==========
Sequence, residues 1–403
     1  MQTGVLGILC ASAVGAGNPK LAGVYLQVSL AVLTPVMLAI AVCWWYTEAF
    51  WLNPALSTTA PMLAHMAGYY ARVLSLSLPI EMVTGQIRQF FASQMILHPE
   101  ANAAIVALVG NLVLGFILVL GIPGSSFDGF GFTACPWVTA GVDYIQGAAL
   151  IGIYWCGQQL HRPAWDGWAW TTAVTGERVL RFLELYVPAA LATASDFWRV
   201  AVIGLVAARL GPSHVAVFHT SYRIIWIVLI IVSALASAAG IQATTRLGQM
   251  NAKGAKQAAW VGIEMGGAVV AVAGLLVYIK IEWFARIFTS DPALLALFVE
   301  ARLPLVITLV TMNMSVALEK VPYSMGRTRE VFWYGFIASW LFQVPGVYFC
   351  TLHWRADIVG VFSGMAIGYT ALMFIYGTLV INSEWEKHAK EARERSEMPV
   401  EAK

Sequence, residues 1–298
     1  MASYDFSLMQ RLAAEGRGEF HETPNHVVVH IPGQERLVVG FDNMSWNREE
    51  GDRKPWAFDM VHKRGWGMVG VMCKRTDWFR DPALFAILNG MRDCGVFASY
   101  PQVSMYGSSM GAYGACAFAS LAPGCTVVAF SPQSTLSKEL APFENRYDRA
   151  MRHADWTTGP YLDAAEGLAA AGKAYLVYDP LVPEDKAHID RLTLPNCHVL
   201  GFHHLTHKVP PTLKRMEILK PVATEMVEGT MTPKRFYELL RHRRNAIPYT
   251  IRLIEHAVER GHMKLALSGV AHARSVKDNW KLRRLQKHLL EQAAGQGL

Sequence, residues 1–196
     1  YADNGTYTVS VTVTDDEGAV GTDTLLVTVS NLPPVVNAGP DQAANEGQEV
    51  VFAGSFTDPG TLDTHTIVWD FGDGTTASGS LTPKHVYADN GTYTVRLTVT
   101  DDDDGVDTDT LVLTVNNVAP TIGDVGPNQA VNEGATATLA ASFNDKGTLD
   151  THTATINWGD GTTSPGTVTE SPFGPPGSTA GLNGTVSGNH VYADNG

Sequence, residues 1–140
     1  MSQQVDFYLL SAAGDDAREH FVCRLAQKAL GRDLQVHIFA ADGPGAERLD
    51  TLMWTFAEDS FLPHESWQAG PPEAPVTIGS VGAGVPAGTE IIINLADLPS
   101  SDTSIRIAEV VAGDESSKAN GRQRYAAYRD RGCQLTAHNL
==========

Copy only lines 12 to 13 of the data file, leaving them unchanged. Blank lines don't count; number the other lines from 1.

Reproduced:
     1  MASYDFSLMQ RLAAEGRGEF HETPNHVVVH IPGQERLVVG FDNMSWNREE
    51  GDRKPWAFDM VHKRGWGMVG VMCKRTDWFR DPALFAILNG MRDCGVFASY